When you scan walls of status updates and tweets detailing what your friends had to drink last night, what do you see? Ivan Boothe and Seth Horwitz of the Philadelphia chapter of NetSquared see a tool for social advancement. Their semi-monthly event, Crowdsourcing Change, is a learning ground for local activists and non-profit groups to utilize social technology to their advantage.
"I've been interested in and passionately convinced about the power of people within a community connecting since the late '70s before it had a name like social networking," Horwitz says. "That's always been a strong interest because I think there's a lot of power there."
While Philly NetSquared hosts up to 60 people at their monthly meet-ups, Boothe and Horwitz will stream the event live, too ó an arrangement that isn't necessarily bleeding-edge, but it works to their advantage.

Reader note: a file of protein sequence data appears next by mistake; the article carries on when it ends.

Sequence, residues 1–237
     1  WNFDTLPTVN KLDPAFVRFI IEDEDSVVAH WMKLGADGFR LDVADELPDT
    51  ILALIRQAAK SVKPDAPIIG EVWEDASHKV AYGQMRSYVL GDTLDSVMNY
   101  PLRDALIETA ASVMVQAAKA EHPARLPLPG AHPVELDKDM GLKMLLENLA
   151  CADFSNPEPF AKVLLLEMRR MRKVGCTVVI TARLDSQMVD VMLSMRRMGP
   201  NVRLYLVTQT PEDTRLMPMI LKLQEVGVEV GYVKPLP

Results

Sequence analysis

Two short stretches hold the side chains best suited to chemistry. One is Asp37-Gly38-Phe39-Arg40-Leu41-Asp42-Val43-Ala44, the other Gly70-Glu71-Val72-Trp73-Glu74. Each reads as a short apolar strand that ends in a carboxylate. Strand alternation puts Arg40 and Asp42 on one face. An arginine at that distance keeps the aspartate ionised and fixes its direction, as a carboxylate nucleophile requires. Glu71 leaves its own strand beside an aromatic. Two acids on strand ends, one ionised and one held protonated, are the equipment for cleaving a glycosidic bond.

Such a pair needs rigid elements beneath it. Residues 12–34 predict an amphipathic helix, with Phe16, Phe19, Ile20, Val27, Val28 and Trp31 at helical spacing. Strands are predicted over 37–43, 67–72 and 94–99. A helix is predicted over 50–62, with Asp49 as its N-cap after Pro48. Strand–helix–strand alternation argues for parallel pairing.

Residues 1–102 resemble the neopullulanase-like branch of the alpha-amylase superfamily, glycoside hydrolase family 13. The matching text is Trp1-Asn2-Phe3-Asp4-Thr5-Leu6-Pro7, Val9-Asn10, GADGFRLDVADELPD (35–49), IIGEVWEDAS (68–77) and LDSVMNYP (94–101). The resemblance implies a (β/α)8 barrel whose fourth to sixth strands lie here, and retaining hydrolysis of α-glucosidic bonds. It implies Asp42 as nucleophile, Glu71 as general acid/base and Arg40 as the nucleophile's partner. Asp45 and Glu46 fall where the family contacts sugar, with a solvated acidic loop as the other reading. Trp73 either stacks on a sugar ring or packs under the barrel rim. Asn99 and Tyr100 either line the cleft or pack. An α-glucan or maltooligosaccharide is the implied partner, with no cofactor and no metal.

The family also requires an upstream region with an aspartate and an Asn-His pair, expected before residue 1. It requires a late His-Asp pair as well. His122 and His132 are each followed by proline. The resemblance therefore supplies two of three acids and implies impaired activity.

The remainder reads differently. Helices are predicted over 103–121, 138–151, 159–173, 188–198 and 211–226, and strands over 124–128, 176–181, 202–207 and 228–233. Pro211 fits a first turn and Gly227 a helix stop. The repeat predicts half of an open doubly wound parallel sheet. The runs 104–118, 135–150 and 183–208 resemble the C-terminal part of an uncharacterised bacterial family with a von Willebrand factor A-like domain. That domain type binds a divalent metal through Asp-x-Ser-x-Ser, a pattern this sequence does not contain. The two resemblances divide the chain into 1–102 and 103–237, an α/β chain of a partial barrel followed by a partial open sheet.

According to Horwitz's recollection, Boothe brought the idea with him from the D.C. chapter of the organization, where it had a much saucier title, "Pimp My Non-Profit." "It's a format that's been tried in a few other NetSquared chapters like San Francisco a few times and in Chicago," Boothe adds.
Horwitz believes that social technology gives people a voice, but more importantly it gives others an unfettered chance to recognize that voice. "So, when you talk about social change and you talk about fixing this broken world that we live in, I think a lot of it is going to happen because of grass-roots empowerment," Horwitz says. "When people look back 20 years from now, Facebook will be a trivia question." Tue., Dec. 7, 6-9 p.m., free, Friends Center, 1501 Cherry St., 215-241-7000, phillynetsquared.org.